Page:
When I was in Form 4 and the year after Form 5, I was in two separate church musicals (that I dragged my best friend to join with me. Thankfully, she was kind enough to bother) because I genuinely love musicals. If there was one thing I could watch and do all day, it would be musicals. I dare say, my love for the stage kinda defeats my love for medicine. (oh shock and horror, no? but it’s true.)
When we were doing Godspell in 2008, I knew my lines by heart and everyone else’s. Of course Jesus (played by Tim Z) had the most lines but I ended up memorising those too. There were times during rehersals that he would look to me because he forgot his, so I would have to give him phrases or words to prompt his memory. In 2010, during The Witness, I made Max memorise the lyrics to this one section where he had a solo; when I said ‘made’, I really mean, ‘bullied him’ until he got them. I guess I was just so in love with being there and being a part of it that I threw my soul into it completely.
Some days I wonder, what if I wasn’t the way I was. What if I was in the US or the UK, whether or not I would have pursued musical theater harder. I confess, medicine was the more stable, the wiser choice. My heart will forever truly belong on the stage. Silly but true. If I was not in this country, if I was somewhere where pursuing this wasn’t that ludicrous, I would have gone all the way. It’s addictive being on stage. I have awful stage jitters but when I’m telling a story, playing another person they melt away the minute I walk onto that wooden floor. There is nothing like looking at faces in the crowds and pleading them to believe that you are this person with this tale to weave. And applause, well, there is nothing like your first standing ovation; nothing. There is such a high that you get knowing that you played a role well and that people liked what you did.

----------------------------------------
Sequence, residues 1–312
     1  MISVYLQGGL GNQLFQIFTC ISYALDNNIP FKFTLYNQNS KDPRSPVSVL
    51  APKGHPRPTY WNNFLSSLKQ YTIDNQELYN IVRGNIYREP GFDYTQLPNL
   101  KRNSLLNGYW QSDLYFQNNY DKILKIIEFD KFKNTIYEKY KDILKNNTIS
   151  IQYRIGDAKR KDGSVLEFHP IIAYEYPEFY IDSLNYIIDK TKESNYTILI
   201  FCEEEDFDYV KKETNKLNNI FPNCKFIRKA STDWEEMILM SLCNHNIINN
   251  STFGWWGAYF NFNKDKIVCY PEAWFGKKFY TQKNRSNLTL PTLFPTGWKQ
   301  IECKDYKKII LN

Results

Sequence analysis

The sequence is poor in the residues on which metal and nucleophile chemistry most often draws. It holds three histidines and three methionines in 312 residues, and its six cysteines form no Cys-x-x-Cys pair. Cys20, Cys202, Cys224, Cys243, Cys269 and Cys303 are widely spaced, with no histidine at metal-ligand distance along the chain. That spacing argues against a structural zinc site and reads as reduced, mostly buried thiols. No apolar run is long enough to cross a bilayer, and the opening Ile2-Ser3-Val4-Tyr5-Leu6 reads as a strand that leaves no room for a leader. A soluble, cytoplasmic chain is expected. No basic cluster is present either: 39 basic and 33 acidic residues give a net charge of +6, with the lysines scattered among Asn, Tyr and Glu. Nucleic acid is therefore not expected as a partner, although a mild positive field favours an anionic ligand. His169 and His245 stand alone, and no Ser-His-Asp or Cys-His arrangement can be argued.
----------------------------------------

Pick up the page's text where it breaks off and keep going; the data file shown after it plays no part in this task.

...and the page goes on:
No, I’m not announcing that I’m leaving medical school to chase after a ‘frivolous’ (in my parent’s words, not mine) dream. I was just thinking this last night: what if I could revert that same passion for characters and stories to helping others go out and make their own. That’s what medicine is after all, right? It’s an art.
Don’t believe me?
The first thing I was thought in Clinical Skills was taking a medical history. What does that mean? We clerk the patient’s name, age, address, occupation, presenting complaint, lifestyle, past medical and surgical history, family history, alcohol and smoking history etc. That’s ‘character research’. Taking a history takes skill: you have to play the role of friend and listener, being able to coax information out of these people without seeming overbearing. It’s not hard being the right actress for that role.
When you do a system’s review, listening with a stethoscope or testing a joint, you move and touch the patient. That’s like playing a role of puppeteer. It’s directing. When you come up with a diagnosis, that’s character development. You’re seeing where this character will go, where you hope your script takes him or her.
I hope to go into surgery (which is akin to the finest ballet steps), more specifically neonatal because of how strongly I feel about the unborn life; they’re the ultimate ‘little stories’ that have yet to be told. If I could in some way, be a part of helping them make their way in this world and maybe, hopefully, inspire them, now that would beat any standing-o.
I’m trying my best to redirect myself, to place my heart into the path I am currently on and make the most out of it. If I could memorise pages worth of lyrics and stage directions, anatomy shouldn’t be too bad right? Do I regret my choice? I can’t say that I do but each day is a struggle. I’m not a quitter. I’m going to play the biggest role of my life in a few years so this has to envelope me. It’s my Angel of Music and I hope to fully surrender.